Brake Pads are made up of two parts, a backing and a lining. The backing is a metal plate that holds the lining. The lining is made of a special material. The lining contacts the rotor during application of the breaks. This causes friction. This friction prevents the rotor from turning.
Brake Caliper are made of a few parts, a piston, and housing. This assembly is called the Brake Caliper. The Brake Caliper holds the Brake Pads around the rotor. When the brakes are applied, pressure builds in the housing. This pressure forces the piston out of the housing. The piston forces the brake pads against the rotor. This causes the brakes pads to press against the rotor.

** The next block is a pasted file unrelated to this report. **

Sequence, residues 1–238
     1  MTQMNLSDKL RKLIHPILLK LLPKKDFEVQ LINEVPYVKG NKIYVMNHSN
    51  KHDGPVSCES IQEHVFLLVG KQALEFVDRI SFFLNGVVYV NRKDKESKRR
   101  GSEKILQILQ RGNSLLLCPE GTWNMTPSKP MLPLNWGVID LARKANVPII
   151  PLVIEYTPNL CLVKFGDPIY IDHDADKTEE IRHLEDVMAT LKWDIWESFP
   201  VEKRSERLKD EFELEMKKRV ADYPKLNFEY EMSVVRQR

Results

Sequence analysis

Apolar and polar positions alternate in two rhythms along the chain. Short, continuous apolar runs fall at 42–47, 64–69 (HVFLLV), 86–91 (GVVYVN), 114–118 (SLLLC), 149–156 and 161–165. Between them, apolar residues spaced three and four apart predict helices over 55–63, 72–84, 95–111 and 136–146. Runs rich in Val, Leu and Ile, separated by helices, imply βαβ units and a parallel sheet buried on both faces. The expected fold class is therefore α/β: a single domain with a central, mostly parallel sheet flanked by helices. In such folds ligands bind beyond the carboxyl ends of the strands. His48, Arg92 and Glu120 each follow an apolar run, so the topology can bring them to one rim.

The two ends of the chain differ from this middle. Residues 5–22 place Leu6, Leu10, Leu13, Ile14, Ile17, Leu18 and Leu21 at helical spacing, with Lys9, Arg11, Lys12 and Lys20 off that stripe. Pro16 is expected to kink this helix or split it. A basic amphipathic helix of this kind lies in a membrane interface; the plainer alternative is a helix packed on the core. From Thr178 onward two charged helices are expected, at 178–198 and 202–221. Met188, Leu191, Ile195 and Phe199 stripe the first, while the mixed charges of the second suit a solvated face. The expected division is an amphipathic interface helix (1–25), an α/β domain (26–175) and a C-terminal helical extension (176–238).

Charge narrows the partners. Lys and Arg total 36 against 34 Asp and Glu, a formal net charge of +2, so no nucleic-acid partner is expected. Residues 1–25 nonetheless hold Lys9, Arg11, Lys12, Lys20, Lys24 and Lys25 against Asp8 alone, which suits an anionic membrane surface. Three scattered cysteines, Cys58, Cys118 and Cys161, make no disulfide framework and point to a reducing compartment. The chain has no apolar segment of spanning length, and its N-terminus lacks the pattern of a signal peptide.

This is a flexible hose that transfers the break fluid to the caliper. It must be flexible to accommodate the up and down movement of the wheel.
This is a ridged tube that transfers the break fluid from the Master Cylinder to the Brake Hose. This line is mounted to the frame of the car.
The Brake Rotor is a round disk shaped metal plate. The brake pads squeeze the rotor, which causes the car to stop.
This is a reservoir for brake fluid, and supplies the caliper with fluid when the brakes are applied.
The Wheel bearing and hub assembly contains the bearing in a one-piece unit.
Rotherforth ESC Fall 2006